Vanderbilt Law Review

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Few and fortunate are the sizeable cities in this country that have yet to meet the problem of providing sufficient parking places for the increasing number of automobiles that utilize their streets and highways.' For most cities the problem is an acute one. Some indication of its perplexity can be ascertained from a glance at the number of cities that have resorted to traffic commissions, studies and boards to seek a solution. If there is a solution to this problem, the traffic survey reports indicate that it lies in more extensive traffic control measures, rigidly enforced.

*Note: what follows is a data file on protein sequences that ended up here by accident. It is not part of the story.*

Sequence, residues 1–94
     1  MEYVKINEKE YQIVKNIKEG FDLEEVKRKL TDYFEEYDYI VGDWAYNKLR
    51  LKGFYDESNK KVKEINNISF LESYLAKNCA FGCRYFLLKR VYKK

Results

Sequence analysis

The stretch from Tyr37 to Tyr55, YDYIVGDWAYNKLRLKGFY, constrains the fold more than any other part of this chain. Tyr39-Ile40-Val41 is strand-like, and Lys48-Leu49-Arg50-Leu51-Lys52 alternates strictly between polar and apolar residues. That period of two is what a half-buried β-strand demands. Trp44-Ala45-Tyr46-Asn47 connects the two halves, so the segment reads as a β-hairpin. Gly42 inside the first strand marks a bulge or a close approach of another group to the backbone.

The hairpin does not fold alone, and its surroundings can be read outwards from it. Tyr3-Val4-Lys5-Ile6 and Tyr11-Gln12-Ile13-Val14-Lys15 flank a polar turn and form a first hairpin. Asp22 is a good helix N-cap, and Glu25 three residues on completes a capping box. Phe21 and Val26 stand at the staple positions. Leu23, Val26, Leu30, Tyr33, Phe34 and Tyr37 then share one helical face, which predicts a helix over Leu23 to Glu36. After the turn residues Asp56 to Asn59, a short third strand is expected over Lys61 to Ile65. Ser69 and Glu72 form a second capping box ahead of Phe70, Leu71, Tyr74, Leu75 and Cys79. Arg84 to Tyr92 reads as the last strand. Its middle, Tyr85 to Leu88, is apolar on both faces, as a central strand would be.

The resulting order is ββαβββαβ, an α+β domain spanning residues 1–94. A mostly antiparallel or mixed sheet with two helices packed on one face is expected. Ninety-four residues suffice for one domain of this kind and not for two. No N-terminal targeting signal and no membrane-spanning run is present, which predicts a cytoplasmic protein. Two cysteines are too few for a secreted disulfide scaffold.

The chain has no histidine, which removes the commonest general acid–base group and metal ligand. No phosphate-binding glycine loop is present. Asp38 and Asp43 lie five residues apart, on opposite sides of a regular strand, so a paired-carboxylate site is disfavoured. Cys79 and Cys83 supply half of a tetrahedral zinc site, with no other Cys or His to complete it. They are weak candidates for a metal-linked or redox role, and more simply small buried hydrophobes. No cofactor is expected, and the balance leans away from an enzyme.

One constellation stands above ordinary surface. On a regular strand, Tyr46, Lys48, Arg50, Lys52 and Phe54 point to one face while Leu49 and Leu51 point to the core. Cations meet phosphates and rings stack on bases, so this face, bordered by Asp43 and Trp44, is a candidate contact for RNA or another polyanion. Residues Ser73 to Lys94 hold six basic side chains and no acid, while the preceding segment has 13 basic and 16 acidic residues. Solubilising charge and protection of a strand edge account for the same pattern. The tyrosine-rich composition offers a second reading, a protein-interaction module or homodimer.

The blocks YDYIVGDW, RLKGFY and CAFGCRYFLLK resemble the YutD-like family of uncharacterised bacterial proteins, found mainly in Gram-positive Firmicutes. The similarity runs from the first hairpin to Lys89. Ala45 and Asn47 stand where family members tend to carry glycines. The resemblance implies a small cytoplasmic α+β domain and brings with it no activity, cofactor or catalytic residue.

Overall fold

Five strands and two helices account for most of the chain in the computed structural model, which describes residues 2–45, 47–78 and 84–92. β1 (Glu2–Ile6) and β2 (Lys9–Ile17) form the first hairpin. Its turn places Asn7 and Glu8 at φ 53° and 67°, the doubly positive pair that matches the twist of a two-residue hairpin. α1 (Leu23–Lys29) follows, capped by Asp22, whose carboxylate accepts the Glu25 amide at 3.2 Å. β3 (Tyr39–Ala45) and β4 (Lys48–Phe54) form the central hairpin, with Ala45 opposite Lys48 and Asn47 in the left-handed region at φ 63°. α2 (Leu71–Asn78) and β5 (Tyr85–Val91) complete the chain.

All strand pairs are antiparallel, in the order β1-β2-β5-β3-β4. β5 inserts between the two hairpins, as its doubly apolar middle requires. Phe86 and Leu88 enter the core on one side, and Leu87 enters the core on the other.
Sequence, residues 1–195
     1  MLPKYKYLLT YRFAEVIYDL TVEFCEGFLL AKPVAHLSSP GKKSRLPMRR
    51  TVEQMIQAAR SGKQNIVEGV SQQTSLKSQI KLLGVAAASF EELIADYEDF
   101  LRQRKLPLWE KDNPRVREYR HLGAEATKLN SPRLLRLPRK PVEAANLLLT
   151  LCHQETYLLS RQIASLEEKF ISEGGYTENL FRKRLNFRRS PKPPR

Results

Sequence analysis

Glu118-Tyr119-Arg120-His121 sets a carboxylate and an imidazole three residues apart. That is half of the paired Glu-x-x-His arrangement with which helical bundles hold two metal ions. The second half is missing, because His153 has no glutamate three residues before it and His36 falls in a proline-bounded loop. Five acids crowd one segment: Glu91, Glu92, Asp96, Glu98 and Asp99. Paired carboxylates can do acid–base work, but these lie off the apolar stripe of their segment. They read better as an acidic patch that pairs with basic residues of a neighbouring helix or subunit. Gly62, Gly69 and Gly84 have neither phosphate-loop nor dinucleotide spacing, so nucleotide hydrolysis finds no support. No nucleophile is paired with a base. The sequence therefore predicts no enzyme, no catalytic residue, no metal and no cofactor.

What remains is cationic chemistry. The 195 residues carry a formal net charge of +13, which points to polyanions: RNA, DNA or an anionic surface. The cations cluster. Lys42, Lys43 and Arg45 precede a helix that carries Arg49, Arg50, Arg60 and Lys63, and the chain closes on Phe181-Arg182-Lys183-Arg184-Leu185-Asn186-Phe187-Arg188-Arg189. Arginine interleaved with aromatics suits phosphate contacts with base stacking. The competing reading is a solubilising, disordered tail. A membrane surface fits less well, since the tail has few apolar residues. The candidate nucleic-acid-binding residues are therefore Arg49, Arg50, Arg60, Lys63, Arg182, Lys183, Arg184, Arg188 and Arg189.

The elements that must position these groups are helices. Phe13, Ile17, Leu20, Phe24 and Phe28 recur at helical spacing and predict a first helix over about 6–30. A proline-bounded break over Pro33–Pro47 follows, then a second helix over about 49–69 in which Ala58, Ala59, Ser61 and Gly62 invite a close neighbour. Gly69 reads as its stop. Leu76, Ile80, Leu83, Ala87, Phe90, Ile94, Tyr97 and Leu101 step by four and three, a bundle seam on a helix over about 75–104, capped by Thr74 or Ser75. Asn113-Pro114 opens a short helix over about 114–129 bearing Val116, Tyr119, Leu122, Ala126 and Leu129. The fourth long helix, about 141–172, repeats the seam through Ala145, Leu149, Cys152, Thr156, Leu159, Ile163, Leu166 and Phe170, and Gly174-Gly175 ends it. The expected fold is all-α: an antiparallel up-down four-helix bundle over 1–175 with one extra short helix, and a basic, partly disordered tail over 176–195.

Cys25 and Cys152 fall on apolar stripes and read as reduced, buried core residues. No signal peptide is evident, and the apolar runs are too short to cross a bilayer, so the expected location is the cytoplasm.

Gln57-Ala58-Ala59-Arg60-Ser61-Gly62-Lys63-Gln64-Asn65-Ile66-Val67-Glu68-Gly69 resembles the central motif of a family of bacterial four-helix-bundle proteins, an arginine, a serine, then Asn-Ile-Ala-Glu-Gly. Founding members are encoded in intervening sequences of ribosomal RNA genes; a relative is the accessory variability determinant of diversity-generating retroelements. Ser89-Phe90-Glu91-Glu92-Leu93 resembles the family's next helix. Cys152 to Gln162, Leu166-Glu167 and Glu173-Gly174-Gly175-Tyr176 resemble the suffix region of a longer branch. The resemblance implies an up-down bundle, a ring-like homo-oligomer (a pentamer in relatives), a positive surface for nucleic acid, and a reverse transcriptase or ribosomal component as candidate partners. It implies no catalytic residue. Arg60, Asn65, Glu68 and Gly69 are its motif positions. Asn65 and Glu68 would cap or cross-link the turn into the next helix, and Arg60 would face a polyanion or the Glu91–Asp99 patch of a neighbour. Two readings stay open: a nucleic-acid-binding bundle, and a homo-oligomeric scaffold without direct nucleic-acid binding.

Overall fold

This note is intended to discuss one means of traffic control--the parking meter. The first meter was installed in Oklahoma City, Oklahoma, in 1935; and by 1947, 888 cities at one time or another had done likewise. No attempt will be made herein to evaluate the efficacy, or prophesy the future, of the parking meter; such questions are for the traffic engineers and commissions." Instead, this note will consider only the principal problems and questions that arise from the installation of a parking meter by the state, city or municipality.

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